The news bulletin used to run in two equal sections with a short break. The short break would feature advertisements – to persuade children to force their parents into buying stuff that no one needed. But once, just this once, they aired a clip about an organisation called ‘The Hunger Project’. The organisation worked across the world to eradicate hunger among children. The advertisement showcased untold suffering of children – without food, and drinking water. It was the first time I was exposed to the extreme suffering of children. They looked emaciated. Their ribs were fighting to free themselves from the skin. Their eyes staring into a void – lost. Childhood lost. Why this tragedy? Why an unequal world? What I then saw overwhelmed me, moved me to tears. It tugged at my heart.

Some of these children were the same age as my younger brother of 6 years. It was hard to believe someone of his age was going to die due to lack of food. I wanted to do something to reduce their misery. The impact on me was powerful because I was eating when I saw this footage. Deep down, I wanted to reach out and feed a few morsels to the child on the screen. That meal in front of me was a blessing.

I noted down the address and phone number of the organisation that was shown at the end of the footage. The next day I hesitantly told my parents that I wanted to contribute towards the project. Pocket money was a luxury during those days. A middle-class family had to prioritise needs; not wants. I had saved 50 Rupees, and I wanted to give it all to this cause. My parents were gracious enough to pay for postage as we had to send this as money order and it would entail extra cost. A few days later, I received a letter from the Hunger Project thanking me for my contribution. I felt overjoyed seeing this.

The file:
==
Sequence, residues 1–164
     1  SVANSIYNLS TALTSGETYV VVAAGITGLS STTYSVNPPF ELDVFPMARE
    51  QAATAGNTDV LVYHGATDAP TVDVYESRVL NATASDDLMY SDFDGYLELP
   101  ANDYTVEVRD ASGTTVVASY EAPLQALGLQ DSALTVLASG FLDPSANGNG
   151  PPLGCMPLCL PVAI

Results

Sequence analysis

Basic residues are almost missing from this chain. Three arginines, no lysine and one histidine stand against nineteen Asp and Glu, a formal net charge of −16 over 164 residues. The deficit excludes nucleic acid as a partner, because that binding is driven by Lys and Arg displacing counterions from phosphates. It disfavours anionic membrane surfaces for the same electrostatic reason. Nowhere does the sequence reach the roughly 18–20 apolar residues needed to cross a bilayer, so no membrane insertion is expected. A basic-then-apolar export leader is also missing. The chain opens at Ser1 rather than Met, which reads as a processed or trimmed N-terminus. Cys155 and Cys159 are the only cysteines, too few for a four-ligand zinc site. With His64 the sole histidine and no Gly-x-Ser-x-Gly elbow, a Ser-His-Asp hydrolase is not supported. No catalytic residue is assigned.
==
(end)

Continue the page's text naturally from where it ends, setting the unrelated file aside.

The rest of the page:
Fast forward to two and a half decades.

Weddings are huge in India. And at the end of this celebration is a feast celebrating the Union not of two people, but of two dynasties. Every time I sit down to have a meal, I see many people have extra servings of everything that is on offer. Then they leave a lot of stuff remaining on the plate at the end. Meanwhile, I’m constantly reminding my daughter to only accept that which she wants to eat. That she should not waste food. Every time we visit a restaurant, we order less so we don’t have to waste food. Or if there is an excess, we get it packed as a takeaway. Every time I was full during lunch, I’d bring my leftover meal back home and have it in the evening instead of a snack. 

I could not waste food. I would not waste food. There was someone who was going hungry, and I had absolutely no right to waste food. Wasting food meant I was stealing someone else’s right to it.

I learned another lesson that day – to respect food. Every meal is a privilege. It isn’t something that one can take for granted. And so, I’ve never complained about a meal. I can count with the fingers of my hand, the number of times I’ve wasted food in the ensuing 27 years.

I realised that one advertisement, that one shot of a hungry child on the screen had left a lasting impact on me. It would remain with me for the rest of my life. We moved over half a dozen homes since I saw the advertisement. Somewhere along, I lost the letter, but not the lessons.

These were the only lessons I learnt watching the news.

Otherwise, news is mostly nuisance.

Photo by Artur Kornakov on Unsplash